For some, spring is a season to endure…

Ode to Dandelions

O dandelions!
You are so happy and unconventional.
Your ragged leaves furl out like wings;
Up pokes your sunny face and sings
Of summer and warmth.
You trick me, wicked things!
For beneath your yellow crown,
Hidden, is that dusty pollen–
The color of ripe earwax–
Which makes me mercilessly sneeze;
Till colder turns the breeze,
When your head becomes flaxen,
Full of downy fluff,
And away it flies!
I watch through puffy eyes,
As you escape in glee.

By “annwyndesfey


Sneezing, itching, headaches, leaking eyes and nose…

While there are many pharmaceutical options to simmer down those annoying symptoms, an important question to ask might be whether or not these options have ever made those symptoms disappear for good? Just like cutting off the top of the dandelion won’t get rid of the dandelion, covering up the symptoms won’t get rid of the problem. In naturopathic medicine we believe that it is important to dig down as deep as we can to the root of the issue in order to heal the whole person. Why? Because these little annoying symptoms can be signs that something more might be going on, and it is important to eliminate the chronic inflammation and immune dysregulation that could lead to larger health complications down the road.

Allergic rhinitis is known as a type 1 or immediate hypersensitivity allergic reaction. In this type of reaction, your body’s IgE antibodies that have formed against the allergen (eg. pollen) cause certain immune cells to release histamine into your body causing the various symptoms you may experience.

So how do we make this go away?

I’ll share a few ideas, but it is important to remember that every person is different and needs to be treated so. An often-used metaphor is the bucket analogy. We can think of our bodies as a bucket that can fill up with various junk from all sorts of places. While our bodies have some defences against this, if our buckets get too full it can overwhelm these defences and suddenly various health conditions start to show up. So, in a very oversimplified way, if we decrease our bucket load we can clear up some overflow issues. Here are a few ways we can help out our bodies:

  1. First, and perhaps most obviously, avoid what you are allergic to! And if you don’t know, get tested.
  2. Often, people who experience seasonal allergies also have food sensitivities. Following an elimination diet to discover hidden allergies will improve symptoms in most people
  3. Good quality probiotics have been shown to help by strengthening the immune system and increasing protection from invading allergens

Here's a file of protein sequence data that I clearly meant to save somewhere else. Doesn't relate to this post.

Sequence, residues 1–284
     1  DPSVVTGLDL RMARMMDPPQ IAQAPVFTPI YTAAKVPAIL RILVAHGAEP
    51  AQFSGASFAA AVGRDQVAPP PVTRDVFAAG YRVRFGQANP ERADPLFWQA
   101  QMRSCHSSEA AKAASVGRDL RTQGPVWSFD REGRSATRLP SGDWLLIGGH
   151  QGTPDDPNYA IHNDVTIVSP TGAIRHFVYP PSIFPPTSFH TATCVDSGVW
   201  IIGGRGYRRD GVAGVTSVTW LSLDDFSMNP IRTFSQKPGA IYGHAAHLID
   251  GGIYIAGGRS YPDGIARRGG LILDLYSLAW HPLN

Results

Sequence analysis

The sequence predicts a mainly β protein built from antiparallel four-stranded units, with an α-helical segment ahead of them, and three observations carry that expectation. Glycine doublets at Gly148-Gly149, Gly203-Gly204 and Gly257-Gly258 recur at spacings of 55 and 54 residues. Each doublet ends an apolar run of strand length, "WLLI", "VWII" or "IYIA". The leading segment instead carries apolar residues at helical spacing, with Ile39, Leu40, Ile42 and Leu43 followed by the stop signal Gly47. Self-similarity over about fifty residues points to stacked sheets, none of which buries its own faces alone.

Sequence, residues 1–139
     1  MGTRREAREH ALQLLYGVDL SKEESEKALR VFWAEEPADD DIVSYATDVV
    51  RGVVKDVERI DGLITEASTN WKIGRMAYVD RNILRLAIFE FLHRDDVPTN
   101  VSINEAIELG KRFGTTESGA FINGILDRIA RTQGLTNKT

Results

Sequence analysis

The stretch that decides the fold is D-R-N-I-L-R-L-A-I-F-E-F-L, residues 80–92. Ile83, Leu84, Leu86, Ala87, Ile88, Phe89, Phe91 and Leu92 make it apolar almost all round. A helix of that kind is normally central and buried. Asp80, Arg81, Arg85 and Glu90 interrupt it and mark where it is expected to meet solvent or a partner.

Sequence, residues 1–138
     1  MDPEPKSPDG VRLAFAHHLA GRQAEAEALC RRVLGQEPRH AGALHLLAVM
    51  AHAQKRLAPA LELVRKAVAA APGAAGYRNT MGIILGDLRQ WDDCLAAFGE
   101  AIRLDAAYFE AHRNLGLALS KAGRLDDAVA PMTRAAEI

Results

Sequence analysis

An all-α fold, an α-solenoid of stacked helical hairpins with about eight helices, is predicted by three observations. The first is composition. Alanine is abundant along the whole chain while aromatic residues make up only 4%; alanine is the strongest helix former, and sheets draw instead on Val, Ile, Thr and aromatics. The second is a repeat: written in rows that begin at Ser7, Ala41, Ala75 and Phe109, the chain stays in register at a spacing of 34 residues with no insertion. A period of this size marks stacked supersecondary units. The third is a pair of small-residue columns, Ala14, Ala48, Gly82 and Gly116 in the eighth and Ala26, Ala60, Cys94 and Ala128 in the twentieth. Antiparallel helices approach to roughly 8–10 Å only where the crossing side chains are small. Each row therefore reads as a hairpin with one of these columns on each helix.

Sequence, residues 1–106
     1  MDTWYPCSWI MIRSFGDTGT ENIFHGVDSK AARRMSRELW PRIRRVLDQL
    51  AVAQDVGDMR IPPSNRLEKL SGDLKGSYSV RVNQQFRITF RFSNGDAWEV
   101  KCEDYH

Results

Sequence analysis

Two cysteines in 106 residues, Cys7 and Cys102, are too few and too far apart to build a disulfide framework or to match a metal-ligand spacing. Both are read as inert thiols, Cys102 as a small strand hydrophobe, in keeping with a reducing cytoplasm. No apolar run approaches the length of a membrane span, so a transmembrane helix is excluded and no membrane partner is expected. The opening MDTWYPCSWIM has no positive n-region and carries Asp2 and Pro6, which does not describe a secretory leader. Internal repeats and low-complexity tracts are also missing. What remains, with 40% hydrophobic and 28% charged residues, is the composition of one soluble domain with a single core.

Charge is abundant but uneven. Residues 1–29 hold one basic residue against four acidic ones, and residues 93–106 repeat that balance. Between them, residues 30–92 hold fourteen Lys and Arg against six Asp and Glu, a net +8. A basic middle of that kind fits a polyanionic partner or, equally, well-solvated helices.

4. Specific helpful nutrients: omega 3, bioflavonoids, quercetin, bromelain, vitamin C, N-acetylcysteine, zinc…
  5. Nutrition: Juice foods that are rich in quercetin, bromelain, Vit C and bioflavonoids (citrus fruits, pineapple, apple, berries, mint, ginger, turmeric). Incorporate onions, garlic, ginger, dark leafy greens and yellow and orange veggies into your every day diet. Increase water. Avoid refined foods, dairy, sugar, wheat, red meat, alcohol, caffeine.
  6. Specific herbs: urtica dioca (nettle), petasites hybridus (butterbur -caution to use pyrrolizidine alkaloid free extract and don’t use if allergic to ragweed family), euphrasia officinalis (eyebright), silybum marianum (milk thistle), sambucus nigra (elderflower), achilliea millefolium (yarrow)…. These can be taken as teas or tinctures. Nettle tea is easy to find in stores – add some raw grated ginger, lemon and honey and you’re set!
  7. Hydrotherapy: cold cloth on the forehead, hot foot bath, nasal lavage, constitutional hydrotherapy
  8. Other things your ND may be able to offer you: acupuncture, sublingual immunotherapy, homeopathics, a spring detox

Every individual is different in their health history and lifestyle and for this reason it is so important to see your doctor so that they can implement a plan that will work specifically for you. Remember that certain health conditions and medication lists require special attention, so for your safety it is best not to treat yourself!

In the meantime, I hope these ideas will inspire you and give you hope to know that perhaps one day you will be singing a happier tune when the flowers start to bloom.

Ode to a Worm

Oh worm, why do you turn into the earth from me?
Tis spring oh worm!
Lift up your head, which ever end that be, and smile at the sun
Untwine your naked form and fling the dirt high in ecstasy!
Tis spring, tis spring, tis spring…